Bury A Friend / You Should See Me In A Crown / My Strange Addiction / Ocean Eyes / Xanny / I Love You / ilomilo / No Time To Die / When The Party’s Over / All The Good Girls Go To Hell / Everything I Wanted / My Future / Bad Guy

Eilish was good enough, the show would have worked fine without the effects, and "No Time to Die" remains a killer. It wasn't entirely "live" ... there were backing tracks, but that kind of added to the artificial presentation. She also pushed a message of "VOTE!", and via effects had a couple of songs where fans on the stream were shown on big video screens singing along. For much of what remained of Saturday, Eilish was a topic of discussion, pretty much all of it positive. It would be great to offer some video examples, but as of this writing, they are all being taken down as quickly as they go up.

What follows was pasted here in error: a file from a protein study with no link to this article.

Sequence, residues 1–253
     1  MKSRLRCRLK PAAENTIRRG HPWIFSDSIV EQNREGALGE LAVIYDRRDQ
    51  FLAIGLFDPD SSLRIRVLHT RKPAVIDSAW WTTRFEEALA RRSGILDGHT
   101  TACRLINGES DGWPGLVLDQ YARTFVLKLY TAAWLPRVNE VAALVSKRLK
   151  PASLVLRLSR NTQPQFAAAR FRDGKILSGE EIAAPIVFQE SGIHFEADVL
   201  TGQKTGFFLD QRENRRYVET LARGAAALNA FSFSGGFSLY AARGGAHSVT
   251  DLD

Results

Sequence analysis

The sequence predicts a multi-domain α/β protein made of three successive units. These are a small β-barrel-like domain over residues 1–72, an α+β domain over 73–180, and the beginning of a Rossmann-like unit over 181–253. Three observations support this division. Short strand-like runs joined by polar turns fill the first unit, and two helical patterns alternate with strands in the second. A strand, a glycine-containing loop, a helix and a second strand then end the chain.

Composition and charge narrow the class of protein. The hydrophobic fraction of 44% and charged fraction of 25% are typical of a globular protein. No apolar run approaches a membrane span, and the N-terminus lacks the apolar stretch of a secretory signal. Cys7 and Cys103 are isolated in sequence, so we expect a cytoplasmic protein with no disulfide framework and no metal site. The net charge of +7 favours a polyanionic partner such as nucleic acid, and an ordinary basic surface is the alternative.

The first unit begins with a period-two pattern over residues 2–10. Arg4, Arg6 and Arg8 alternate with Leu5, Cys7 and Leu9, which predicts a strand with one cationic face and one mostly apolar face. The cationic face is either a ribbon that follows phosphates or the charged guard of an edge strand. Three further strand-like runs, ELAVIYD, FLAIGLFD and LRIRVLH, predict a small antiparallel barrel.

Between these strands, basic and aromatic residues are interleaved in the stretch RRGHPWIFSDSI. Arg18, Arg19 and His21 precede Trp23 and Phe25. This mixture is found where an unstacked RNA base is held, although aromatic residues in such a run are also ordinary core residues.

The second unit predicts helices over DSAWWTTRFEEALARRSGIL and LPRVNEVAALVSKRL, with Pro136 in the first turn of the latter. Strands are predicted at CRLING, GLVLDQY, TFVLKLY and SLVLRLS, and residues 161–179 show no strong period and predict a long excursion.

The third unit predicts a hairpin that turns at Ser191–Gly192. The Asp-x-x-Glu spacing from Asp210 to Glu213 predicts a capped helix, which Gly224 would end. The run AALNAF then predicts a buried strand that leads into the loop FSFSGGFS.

Later, on Saturday Night Live, Adele appeared as the host. Adele hadn't been on American TV since 2017, and her last album came out in 2015. But she's been missed ... as Rolling Stone said, "Adele Reminds the World Why We Need Her More Than Ever". When Adele sings, she doesn't need special effects ... her voice is her special effect. (Billie Eilish, a different kind of singer, startles us when she hits the high note in "No Time to Die", but Adele hits those notes regularly. Neither is better, but different.)

She insisted in her monologue that she was only hosting, that she wouldn't be singing. There was a musical guest for that, H.E.R., and she was great:

But SNL and Adele got sneaky during one skit, and it got more admiring chatter than even Eilish's remarkable show.

The winner was the audience, entertained and more by three vital women artists.

music friday